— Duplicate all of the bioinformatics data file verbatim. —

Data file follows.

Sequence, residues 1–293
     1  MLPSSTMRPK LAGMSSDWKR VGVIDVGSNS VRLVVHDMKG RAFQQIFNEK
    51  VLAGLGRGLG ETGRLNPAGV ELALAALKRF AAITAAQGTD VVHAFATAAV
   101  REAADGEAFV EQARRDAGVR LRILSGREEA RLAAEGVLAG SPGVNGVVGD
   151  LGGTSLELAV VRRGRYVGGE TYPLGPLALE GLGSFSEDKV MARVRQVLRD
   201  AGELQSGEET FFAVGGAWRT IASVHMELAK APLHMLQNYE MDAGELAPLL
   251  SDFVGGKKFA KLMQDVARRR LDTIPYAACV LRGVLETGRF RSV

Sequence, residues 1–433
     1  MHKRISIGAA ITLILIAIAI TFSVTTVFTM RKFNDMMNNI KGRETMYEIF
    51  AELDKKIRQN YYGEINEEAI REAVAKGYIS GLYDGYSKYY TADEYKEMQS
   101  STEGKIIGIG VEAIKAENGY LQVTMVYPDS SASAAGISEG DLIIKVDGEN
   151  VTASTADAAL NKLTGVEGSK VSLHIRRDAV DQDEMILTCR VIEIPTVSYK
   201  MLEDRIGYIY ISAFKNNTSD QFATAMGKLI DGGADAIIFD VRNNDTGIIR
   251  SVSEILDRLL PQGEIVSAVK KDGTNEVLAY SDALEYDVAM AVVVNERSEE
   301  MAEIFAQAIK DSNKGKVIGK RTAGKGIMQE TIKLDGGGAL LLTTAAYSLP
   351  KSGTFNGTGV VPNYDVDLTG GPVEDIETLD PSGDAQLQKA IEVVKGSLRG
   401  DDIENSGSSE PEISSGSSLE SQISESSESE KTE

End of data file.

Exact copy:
Sequence, residues 1–293
     1  MLPSSTMRPK LAGMSSDWKR VGVIDVGSNS VRLVVHDMKG RAFQQIFNEK
    51  VLAGLGRGLG ETGRLNPAGV ELALAALKRF AAITAAQGTD VVHAFATAAV
   101  REAADGEAFV EQARRDAGVR LRILSGREEA RLAAEGVLAG SPGVNGVVGD
   151  LGGTSLELAV VRRGRYVGGE TYPLGPLALE GLGSFSEDKV MARVRQVLRD
   201  AGELQSGEET FFAVGGAWRT IASVHMELAK APLHMLQNYE MDAGELAPLL
   251  SDFVGGKKFA KLMQDVARRR LDTIPYAACV LRGVLETGRF RSV

Sequence, residues 1–433
     1  MHKRISIGAA ITLILIAIAI TFSVTTVFTM RKFNDMMNNI KGRETMYEIF
    51  AELDKKIRQN YYGEINEEAI REAVAKGYIS GLYDGYSKYY TADEYKEMQS
   101  STEGKIIGIG VEAIKAENGY LQVTMVYPDS SASAAGISEG DLIIKVDGEN
   151  VTASTADAAL NKLTGVEGSK VSLHIRRDAV DQDEMILTCR VIEIPTVSYK
   201  MLEDRIGYIY ISAFKNNTSD QFATAMGKLI DGGADAIIFD VRNNDTGIIR
   251  SVSEILDRLL PQGEIVSAVK KDGTNEVLAY SDALEYDVAM AVVVNERSEE
   301  MAEIFAQAIK DSNKGKVIGK RTAGKGIMQE TIKLDGGGAL LLTTAAYSLP
   351  KSGTFNGTGV VPNYDVDLTG GPVEDIETLD PSGDAQLQKA IEVVKGSLRG
   401  DDIENSGSSE PEISSGSSLE SQISESSESE KTE